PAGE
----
Applying the concept of a similarity dimension to less trivial shapes is straightforward in the case of exactly self-similar structures, such as structures that are constructed via iteration of a generating pattern. As an example, consider the Koch curve, illustrated in Figure 2. The Koch curve is constructed as follows: Beginning with a line segment of unity length, replace the middle third of the segment with an equilateral triangle whose base has a length of 1/3 and overlies the original line segment, then remove this overlapping base segment. The resulting figure thus consists of four line segments, each of which has a length of 1/3. Iterating this process for each new line segment yields a sequence of figures that exhibit increasingly fine structure, with the limiting state of this series exhibiting exact self-similarity, in the sense that a nontrivial subset of the shape is exactly identical to the whole. This exact self-similarity is illustrated in Figure 2, which shows that the full Koch curve may be described as being formed from four exact copies of itself, each scaled down by a factor of 1/3. Thus, we can apply the above relation to find that the Koch curve has a similarity dimension of

The similarity dimension described above represents but one example of a plurality of dimensions that can be defined and calculated for a given figure. Indeed, the utility of the similarity dimension is limited by the fact that it applies only to figures that exhibit exact self-similarity; by contrast, the complexity witnessed in natural systems such as coastlines generally exhibits self-similarity only in the statistical sense. As an example, Figure 3 illustrates a structure that exhibits statistical self-similarity. Specifically, Figure 3 illustrates an example of a modified Koch curve formed by randomizing the orientations of the line segments as the structure is generated.

As a tool for quantifying the nature of such fractal structures that do not exhibit exact self-similarity, we now turn to the (roughly self-explanatory) “box-counting dimension,” also known as the “covering dimension.” Given a structure that extends in two dimensions^{2}, the box-counting dimension may be determined as follows: First, superimpose a square grid with individual boxes of size
* D*. Such a plot is generally known as a scaling plot.

The box-counting method also may be described in more geometrically intuitive terms. For example, and as shown in Figure 4, one may observe that the set of all occupied boxes at a given length scale

While the box-counting method of estimating fractal dimension is conceptually straightforward, some care must be taken to preserve the utility of the method. For example, one must select an appropriate range of box sizes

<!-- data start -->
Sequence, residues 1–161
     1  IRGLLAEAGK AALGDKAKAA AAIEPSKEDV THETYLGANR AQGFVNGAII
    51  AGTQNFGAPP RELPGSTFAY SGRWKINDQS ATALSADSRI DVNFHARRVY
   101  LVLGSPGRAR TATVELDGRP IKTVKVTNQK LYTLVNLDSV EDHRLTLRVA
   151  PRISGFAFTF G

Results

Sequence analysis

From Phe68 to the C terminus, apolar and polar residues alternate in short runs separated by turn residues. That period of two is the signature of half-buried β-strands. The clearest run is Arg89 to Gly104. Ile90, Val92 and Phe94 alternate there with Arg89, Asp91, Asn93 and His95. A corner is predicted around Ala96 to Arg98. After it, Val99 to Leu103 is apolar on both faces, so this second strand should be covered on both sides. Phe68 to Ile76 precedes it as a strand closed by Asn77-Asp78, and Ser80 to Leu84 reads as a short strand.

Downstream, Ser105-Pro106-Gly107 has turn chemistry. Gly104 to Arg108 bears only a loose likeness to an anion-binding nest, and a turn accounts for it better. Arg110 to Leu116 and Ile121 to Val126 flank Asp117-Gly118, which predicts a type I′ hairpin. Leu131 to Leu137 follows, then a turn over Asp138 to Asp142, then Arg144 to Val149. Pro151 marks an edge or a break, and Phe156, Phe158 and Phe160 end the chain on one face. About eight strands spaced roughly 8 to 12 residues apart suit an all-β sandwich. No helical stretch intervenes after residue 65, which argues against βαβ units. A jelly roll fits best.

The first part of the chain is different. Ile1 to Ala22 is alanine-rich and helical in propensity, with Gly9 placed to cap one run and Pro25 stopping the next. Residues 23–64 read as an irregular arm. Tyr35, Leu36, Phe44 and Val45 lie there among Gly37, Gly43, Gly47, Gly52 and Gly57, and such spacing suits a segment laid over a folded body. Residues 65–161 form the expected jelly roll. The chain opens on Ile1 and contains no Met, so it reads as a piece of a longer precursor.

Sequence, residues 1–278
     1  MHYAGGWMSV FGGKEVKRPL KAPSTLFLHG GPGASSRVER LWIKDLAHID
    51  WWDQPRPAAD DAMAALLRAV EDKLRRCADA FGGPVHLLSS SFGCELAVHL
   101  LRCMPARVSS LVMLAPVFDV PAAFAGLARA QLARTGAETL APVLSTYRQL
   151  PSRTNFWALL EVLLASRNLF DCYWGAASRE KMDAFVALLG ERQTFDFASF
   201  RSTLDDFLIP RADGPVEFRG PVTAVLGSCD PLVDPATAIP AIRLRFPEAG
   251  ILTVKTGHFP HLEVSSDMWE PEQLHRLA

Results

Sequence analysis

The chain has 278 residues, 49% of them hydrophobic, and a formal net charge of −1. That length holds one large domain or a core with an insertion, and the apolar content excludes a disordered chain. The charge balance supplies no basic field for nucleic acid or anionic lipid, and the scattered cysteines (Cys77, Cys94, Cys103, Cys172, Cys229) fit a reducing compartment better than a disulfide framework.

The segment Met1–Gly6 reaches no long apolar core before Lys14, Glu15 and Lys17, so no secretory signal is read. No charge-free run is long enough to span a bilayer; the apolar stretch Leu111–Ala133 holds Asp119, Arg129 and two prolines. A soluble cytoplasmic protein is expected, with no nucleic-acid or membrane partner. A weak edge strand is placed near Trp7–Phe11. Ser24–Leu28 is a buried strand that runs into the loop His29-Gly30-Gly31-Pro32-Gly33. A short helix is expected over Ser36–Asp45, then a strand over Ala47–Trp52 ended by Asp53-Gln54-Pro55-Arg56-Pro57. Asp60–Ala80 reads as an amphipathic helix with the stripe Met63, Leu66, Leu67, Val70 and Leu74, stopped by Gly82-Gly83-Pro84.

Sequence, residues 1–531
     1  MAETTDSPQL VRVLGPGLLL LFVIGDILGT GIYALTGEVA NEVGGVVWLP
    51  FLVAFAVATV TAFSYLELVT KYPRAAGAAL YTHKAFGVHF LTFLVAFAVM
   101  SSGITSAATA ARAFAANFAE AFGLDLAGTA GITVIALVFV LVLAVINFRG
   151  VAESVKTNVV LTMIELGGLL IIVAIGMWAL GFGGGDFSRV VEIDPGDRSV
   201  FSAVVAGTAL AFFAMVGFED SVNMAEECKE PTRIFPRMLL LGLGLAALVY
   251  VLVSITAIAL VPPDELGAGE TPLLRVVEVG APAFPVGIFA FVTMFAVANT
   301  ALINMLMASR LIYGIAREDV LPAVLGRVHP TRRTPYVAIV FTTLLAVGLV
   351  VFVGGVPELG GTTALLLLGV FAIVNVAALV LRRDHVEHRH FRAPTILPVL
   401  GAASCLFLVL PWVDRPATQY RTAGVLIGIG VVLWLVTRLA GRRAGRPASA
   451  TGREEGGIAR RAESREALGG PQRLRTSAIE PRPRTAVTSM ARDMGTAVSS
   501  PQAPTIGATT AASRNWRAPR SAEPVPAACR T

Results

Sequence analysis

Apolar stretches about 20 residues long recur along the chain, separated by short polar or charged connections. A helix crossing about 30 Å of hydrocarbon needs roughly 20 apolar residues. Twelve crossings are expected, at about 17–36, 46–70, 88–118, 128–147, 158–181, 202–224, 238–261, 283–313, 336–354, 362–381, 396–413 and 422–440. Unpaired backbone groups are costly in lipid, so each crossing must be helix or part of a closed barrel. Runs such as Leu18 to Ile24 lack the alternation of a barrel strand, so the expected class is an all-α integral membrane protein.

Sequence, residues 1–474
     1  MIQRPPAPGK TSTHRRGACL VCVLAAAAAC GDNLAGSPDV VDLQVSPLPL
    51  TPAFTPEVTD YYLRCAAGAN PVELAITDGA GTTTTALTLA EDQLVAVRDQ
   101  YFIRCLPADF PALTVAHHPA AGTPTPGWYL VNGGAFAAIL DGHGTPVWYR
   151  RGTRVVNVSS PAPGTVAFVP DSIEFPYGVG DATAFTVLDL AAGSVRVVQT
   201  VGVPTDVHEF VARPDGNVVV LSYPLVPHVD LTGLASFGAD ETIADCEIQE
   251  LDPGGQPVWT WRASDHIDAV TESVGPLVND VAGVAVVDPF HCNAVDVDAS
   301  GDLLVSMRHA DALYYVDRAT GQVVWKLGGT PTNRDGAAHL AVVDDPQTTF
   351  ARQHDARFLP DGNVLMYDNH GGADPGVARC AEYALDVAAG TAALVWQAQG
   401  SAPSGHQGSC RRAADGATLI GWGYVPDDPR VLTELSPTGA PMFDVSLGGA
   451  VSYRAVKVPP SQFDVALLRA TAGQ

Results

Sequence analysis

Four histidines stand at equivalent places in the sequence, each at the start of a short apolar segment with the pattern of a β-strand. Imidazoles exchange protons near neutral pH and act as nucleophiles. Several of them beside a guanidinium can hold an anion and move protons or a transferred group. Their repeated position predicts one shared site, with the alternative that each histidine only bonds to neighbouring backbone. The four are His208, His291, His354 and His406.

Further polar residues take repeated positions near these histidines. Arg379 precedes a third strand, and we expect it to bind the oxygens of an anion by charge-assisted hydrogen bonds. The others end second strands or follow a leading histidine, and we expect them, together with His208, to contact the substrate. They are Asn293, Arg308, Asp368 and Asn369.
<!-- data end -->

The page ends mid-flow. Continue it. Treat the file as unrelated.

Such conditions necessitate careful determination of the appropriate range of length scales over which to assess fractal scaling behavior. This determination may be made empirically, such as by observing the range of length scales over which the scaling plot is sufficiently linear. Alternatively, this determination may be made by convention, such as may be based on statistical arguments. In practice, it is generally not known * a priori* whether a structure under consideration should even be expected to

*a fractal, and hence whether it should be expected to produce a scaling plot with a linear trend between cutoffs defined by appropriate physical and/or measurement limitations. Accordingly, it is preferred to adopt conventions with some degree of universality and that do not presuppose the existence of the fractal scaling behavior under investigation. More specifically, it is common to adopt the following conventions, noting that the ranges may be bounded by physical and/or measurement limitations. The coarse-scale analysis cutoff generally corresponds to a limit of the range of length scales measured, which in turn generally is related to the coarse-scale size of the structure itself. This limit is conventionally set at*be

As a further consideration in optimizing the performance of the box-counting method, one must select the position and orientation of the box grid relative to the structure in question. To the extent that the box-counting method seeks to probe an inherent quality of a structure, the observed fractal dimension should not be affected by a spatial translation or rotation of the grid with respect to the structure, since the structure itself has no preferred orientation. However, consider the case shown in Figure 5, in which the box-counting method is applied to a fractal profile. In the box-counting scheme discussed above, all boxes that contain any portion of the structure under examination are counted toward the total; applying this to the structure of Figure 5, we find that 35 boxes are filled using this box size